“The test takes too long to run; we can’t ask a guy to wait 15 minutes to dump his wheat (while running the falling numbers test),” said Sam White COO of Pacific Northwest Farmers Coop. “We will be running tests on all the early samples, and if we see issues, we’ll be testing everything. At this point, we are just keeping our fingers crossed.”

White said approximately 50 percent of the crop that his company handled last year had some type of quality issue. Pacific Northwest Farmers Coop has elevators through the Palouse region of Northern Idaho and Eastern Washington.

All the elevators said as a general rule of thumb, they run quality tests on everything that comes in for the first few weeks of harvest.

“Every year, we test the crop as it comes in. We run the falling numbers test for the first couple weeks of harvest. If the majority (of tests) come back high enough, we figure we are good unless we have a rain event. Then we’ll shift gears and try to keep wheat received before the rain separated from wheat received after the rain,” said Heath Barnes, general manager of Whitgro Inc. in St. John, Wash.

About 40 percent of the grain tested by Whitgro last year had a low falling number. Barnes said they were fortunate that most of it was between 250 and 300, and they had enough high quality wheat that they were able to blend it postharvest.

Almota Elevator has facilities in and around Colfax, Wash., and down on the Snake River. Dan Hart, Almota’s general manager, said they too test extensively at the beginning of harvest.

“This year, we are starting out as if there is a problem with falling numbers. We will be testing everyone’s samples and posting falling number scores to customers accounts. However, we hope that quickly becomes a waste of time and money, and we’ll be able to stop,” he said.

Almota will store a second sample from each load for a few weeks in case a customer asks for a second falling number test. Some elevators have invested in a falling number machine of their own, so they can get test results more quickly, but Hart said that expense is too costly for him right now. Besides the equipment purchase, there are also expenses in hiring and training technicians to run the test.

Low falling numbers affected about 50 percent of Almota’s soft white wheat last year.


Efforts continue to combat falling numbers

By Trista Crossley

Nearly a year later, efforts by the Washington wheat industry organizations to address last year’s low falling number problem haven’t slowed down.

The Washington Association of Wheat Growers (WAWG) and the Washington Grain Commission (WGC) have teamed up with the grower organizations in Oregon and Idaho to request additional federal funding for falling numbers research, an effort that began last fall. The industry has requested:

• A programmatic increase of $1 million in the FY18 budget of the U.S. Department of Agriculture’s Agricultural Research Service (ARS) to address soft white wheat falling numbers issues; and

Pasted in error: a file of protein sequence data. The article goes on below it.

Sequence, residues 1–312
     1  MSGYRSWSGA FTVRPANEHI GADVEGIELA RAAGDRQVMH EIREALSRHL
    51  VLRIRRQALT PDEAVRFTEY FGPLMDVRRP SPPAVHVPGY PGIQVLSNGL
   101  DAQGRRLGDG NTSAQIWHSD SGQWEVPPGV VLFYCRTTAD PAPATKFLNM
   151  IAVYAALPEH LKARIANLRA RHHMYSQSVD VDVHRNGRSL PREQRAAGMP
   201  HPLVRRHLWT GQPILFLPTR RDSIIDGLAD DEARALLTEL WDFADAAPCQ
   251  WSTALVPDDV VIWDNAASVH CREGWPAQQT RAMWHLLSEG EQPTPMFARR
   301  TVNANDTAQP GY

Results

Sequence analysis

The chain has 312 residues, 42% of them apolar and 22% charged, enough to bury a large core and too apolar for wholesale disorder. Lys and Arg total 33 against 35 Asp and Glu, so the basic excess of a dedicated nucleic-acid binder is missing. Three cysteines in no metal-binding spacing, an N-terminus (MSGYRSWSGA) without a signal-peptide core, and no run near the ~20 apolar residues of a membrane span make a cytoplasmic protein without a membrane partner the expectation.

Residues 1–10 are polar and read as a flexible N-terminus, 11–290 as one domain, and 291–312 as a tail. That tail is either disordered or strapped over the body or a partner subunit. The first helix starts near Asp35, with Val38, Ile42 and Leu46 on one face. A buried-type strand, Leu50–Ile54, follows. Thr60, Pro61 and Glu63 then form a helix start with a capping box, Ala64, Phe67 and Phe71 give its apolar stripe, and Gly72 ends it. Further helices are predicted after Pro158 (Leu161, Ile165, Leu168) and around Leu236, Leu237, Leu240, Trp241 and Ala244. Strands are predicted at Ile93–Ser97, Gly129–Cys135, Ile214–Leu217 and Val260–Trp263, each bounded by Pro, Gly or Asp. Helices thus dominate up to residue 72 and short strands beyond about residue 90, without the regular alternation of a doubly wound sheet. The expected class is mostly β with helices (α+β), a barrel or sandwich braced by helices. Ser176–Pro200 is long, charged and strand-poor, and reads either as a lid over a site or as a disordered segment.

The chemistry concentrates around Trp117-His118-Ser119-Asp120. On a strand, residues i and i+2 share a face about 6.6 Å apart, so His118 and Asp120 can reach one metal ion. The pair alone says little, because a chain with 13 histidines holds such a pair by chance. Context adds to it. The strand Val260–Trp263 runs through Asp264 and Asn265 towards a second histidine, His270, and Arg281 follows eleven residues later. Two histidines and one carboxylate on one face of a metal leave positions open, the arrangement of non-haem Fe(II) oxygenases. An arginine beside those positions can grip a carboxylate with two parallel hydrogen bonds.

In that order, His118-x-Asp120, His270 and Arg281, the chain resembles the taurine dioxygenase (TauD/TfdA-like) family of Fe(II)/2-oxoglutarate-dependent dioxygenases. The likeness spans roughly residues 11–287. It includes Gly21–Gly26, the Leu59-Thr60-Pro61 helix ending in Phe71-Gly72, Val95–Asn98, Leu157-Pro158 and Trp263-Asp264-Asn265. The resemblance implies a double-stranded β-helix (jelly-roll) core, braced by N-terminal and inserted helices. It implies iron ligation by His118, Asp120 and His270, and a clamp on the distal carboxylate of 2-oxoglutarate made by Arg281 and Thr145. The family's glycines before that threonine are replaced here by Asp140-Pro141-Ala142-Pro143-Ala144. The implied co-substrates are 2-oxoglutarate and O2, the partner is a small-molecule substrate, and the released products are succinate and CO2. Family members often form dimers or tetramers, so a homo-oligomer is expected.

• A three-year competitive grant, totaling $2,000,000, from the National Institute for Food and Agriculture to fund soft white wheat falling numbers research at land-grant universities and other cooperators.

At the time of this article, the ARS appropriations request has passed both the U.S. House and Senate appropriation committees and is headed into conference where any differences between the two chambers will be hammered out.

“We have champions in both the House and the Senate and on both sides of the aisle,” said WAWG’s Executive Director Michelle Hennings on the requests. “Sen. Patty Murray (D-Wash.) and Reps. Cathy McMorris Rodgers (R-Wash.) and Dan Newhouse (R-Wash.) have all been very instrumental in making sure this request has made its way through the appropriations process. We can’t thank them enough for looking out for our growers. We also need to recognize the support we’ve received from Sen. Maria Cantwell (D-Wash.) and industry leader Alex McGregor.”

The WGC has also recognized the importance of addressing the quality issue. Commissioners allocated up to $500,000 in their 2017/18 budget in May to falling number research projects.

“The WGC understands the severity of the falling number issue and is intent on finding a solution which will benefit farmers and the industry. Collaboration is key. More than a half dozen federal, state and private organizations are working together to find solutions,” said WGC CEO Glen Squires.

In the last four years, Squires said the WGC has funded research to track falling number results through the variety testing program to give growers a feel for how varieties respond to preharvest sprout and late-maturity alpha amylase, the causes of low falling numbers. The Commission has also been working with the Washington State Department of Agriculture and the Federal Grain Inspection Service to tighten falling number machine protocols and helped facilitate a falling numbers summit organized by the Agricultural Research Service earlier this year.

WAWG addressed falling numbers at an Agricultural Marketing and Management Organization workshop in November 2016. The Association has also been addressing the crop insurance side of the falling number issue by working with the Risk Management Agency to reconsider how falling number discounts are applied to a producer’s actual production history.